Thursday, October 11, 2012

A Tribute to Grandma

Today is my Grandmother's birthday and even though she passed away 10 years ago now, I still think of her nearly every day and miss her greatly.  She saw many changes in the world in her 99 year lifespan, encountered many trials and heartache, and was the quintessential mend-and-make-do kind of woman.

Born October 11, 1903, she was the oldest of 9 children, so she was "motherly" at a very young age, helping out around the house and with her younger siblings.


Retro Gran | Photo circa 1905
My Grandmother, bottom right, circa 1905, with her parents and baby brother.

Retro Gran | Photo circa 1915
My grandmother, second from left in back row, circa 1915, with most of her siblings.


Retro Gran | Photo circa 1920
Grandma, circa 1920
She became an actual mother at the age of 21 from an out-of-wedlock "forced" encounter while working at a boarding house.  The baby, a little girl, lived only a month before succumbing to pneumonia related to whooping cough.  

That same year, 1924, she married my grandfather and they wasted no time starting a family, but she suffered the loss of their first seven children, most all of whom were born prematurely.  

Just when it looked as if she would never have a child of her own, her eighth pregnancy resulted in a full term healthy baby girl.  She lost two more children to premature birth, suffered an additional two miscarriages plus lost a son at 12 years of age due to complications from Rheumatic Fever.  The last child she delivered was when she was 42 years old and he was a special baby boy born with Down's Syndrome.  All in all, she experienced a total of 21 pregnancies with only 9 of them producing a child to live to maturity.  

Retro Gran | Photo circa 1930s
Grandma, circa 1930s

Retro Gran | Photo circa 1930s
I love this hat she is wearing - Circa 1930s
Some years into her marriage, my grandmother suffered more heartache with the discovery of my grandfather's unfaithfulness with her own sister.  The affair subsequently produced a child, although the baby only lived for one day.   (I recall my grandmother telling me that she expected that of my grandfather, because he was a man, but what hurt her the most was that her sister never once apologized to her.)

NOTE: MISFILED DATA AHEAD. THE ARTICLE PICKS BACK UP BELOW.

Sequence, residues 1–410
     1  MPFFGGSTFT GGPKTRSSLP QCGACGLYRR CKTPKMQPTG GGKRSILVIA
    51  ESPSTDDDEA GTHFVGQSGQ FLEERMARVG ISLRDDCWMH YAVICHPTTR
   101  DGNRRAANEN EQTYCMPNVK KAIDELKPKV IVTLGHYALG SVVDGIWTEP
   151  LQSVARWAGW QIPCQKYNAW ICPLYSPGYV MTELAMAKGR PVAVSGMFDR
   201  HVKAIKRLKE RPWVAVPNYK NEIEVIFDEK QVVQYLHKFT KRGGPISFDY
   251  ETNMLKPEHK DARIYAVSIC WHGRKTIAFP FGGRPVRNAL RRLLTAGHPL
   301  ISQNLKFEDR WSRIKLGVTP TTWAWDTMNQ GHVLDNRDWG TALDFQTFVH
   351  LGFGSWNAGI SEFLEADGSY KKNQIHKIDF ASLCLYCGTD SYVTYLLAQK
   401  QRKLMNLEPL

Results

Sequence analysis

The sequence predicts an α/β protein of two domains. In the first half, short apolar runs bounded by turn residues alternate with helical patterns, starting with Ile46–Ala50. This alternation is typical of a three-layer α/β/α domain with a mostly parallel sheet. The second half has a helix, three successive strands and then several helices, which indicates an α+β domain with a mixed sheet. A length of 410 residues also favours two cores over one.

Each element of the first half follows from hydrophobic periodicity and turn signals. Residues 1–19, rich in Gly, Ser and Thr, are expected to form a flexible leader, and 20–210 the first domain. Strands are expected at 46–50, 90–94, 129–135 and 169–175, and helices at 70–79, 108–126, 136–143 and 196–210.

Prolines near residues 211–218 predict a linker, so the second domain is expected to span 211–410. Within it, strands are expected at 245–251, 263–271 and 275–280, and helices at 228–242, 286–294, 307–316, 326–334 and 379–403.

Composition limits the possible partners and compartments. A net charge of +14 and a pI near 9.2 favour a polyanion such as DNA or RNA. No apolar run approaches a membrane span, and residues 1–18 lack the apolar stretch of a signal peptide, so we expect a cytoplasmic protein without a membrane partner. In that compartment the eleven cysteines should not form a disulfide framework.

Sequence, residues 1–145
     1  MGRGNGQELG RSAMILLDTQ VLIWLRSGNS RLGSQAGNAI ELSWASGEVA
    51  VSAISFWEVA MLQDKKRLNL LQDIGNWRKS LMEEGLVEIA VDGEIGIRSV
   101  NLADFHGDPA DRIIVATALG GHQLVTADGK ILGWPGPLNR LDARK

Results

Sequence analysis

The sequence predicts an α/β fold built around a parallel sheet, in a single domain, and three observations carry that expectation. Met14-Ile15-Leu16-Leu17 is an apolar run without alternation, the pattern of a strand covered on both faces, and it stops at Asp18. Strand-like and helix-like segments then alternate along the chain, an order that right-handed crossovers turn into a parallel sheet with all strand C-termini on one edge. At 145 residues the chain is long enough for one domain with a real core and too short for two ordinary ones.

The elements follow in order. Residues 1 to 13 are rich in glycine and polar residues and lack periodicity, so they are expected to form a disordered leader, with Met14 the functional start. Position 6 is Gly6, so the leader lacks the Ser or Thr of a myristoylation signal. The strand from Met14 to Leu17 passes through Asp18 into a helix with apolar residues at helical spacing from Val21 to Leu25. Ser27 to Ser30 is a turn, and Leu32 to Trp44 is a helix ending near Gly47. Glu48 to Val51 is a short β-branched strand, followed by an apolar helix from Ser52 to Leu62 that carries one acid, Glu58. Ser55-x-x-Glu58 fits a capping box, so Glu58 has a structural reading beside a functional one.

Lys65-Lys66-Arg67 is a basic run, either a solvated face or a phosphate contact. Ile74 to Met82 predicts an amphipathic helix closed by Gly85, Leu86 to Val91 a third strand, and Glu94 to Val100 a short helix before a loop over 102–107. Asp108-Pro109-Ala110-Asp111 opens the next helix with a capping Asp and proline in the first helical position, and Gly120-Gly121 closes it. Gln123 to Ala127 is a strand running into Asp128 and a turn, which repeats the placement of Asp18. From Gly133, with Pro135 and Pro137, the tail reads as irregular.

It was during this period of time that the family left city living and moved into farm life in the hills of Virginia.  My Grandfather worked at jobs that kept him away from the home for much of the time so my Grandmother was left to raise the family and run the farm, essentially alone.   During the time he was away, my grandfather stayed with his brothers and sisters in the city.  He would usually come home to the farm on the weekends, gathering up what little food there was, taking it with him when he returned to his family in the city.

Retro Gran | Logging train circa 1930s
My grandfather, far right, and his brother next to him, working for a logging company.
Having lived through the Great Depression, I'm sure my grandmother knew how to stretch a dollar and a meal, but these were hard times and the family struggled greatly.  Knowing that my grandfather would take what food they had when he returned, she began to work furiously during the weeks to gather, can, and store it into a safe place, leaving only a minimal amount for him to take when he arrived on the weekends.  She and the kids then lived on what she raised on the farm and canned from the garden.  What clothes she did not make for them were hand me downs from other families.


As the years went by, her children grew and began to have families of their own, relying on my grandmother as care taker for their children while they worked.
  
Retro Gran | Photo taken 1964
Grandma and a baby me, 1964.  This is my most cherished photograph and it sits proudly framed on my desk at work.